| AIDS pins at a conference in Toronto
New Delhi, Feb. 15: A quarter of a century after the human immunodeficiency virus-1 (HIV) was discovered, scientists have identified its very first target cells in the human vagina that allow it entry into the body.
Researchers at the University of Washington School of Medicine in Seattle have found that HIV-1 simultaneously enters two different types of cells of the immune system found within the inner cells of the vagina.
“Our findings shed light on the very earliest steps of mucosal HIV infection... and may guide the design of effective strategies to block local transmission and prevent HIV-1 spread,” researcher Juliana McElrath and her colleagues said.
They reported their findings in the journal Immunity.
Heterosexual contact is a major route through which HIV-1 has been spreading across the world. While scientists have been struggling to develop vaccines to protect people from HIV-1 infection, they have also been searching for ways to interfere with virus transmission by trying to understand the sequence of initial events in the infection.
The researchers developed a model to study the precise mechanisms through which HIV-1 enters the lower female reproductive tract.
They isolated cells from a lining called the epithelium and observed immune cells that usually move out of the vaginal epithelium into deeper tissues soon after exposure to HIV-1.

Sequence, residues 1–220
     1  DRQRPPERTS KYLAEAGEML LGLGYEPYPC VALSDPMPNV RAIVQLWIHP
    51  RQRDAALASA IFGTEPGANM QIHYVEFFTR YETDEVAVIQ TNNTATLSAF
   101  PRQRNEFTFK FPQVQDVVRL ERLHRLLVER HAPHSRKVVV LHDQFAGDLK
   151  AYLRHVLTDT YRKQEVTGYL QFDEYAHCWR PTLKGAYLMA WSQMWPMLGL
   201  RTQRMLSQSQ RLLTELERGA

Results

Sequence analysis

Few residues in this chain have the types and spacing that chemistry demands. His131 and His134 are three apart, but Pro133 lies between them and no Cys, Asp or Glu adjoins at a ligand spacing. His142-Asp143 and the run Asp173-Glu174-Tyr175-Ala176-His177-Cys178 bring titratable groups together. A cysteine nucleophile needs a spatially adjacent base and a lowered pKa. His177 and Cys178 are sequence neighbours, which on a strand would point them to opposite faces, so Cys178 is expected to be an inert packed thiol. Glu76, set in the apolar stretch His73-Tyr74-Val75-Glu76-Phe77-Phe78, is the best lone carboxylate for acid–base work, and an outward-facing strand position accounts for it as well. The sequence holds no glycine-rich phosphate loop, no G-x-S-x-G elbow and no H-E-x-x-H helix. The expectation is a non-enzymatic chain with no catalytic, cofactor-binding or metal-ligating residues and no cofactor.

They found that HIV-1 enters two classes of immune cells — Langerhans cells (LC) and CD4+ T cells — but through different mechanisms.
Both LC and CD4+ cells move out of the vaginal epithelium after the infection.
The study has shown that the CD4+ cells may be primarily responsible for local shedding of the virus in the vagina of women infected with HIV-1, while LC may hold the virus for some time before spreading it to other cells.
While scientists have known for several years that HIV-1 enters CD4+ cells by interacting with a protein called CCR5, its route of entry into the LC appears to be more complex and diverse.
The scientists have pointed out that this has implications for the development of topical microbicides that are being designed to block the entry of HIV-1.
, a virus that was recognised as a distinct disease-causing microorganism in 1981."Our findings also underscore the need for a topical microbicide tointerfere with viral entry into LC as well, and this will not beachieved by blocking CCR5 alone," the researchers said in theirreport.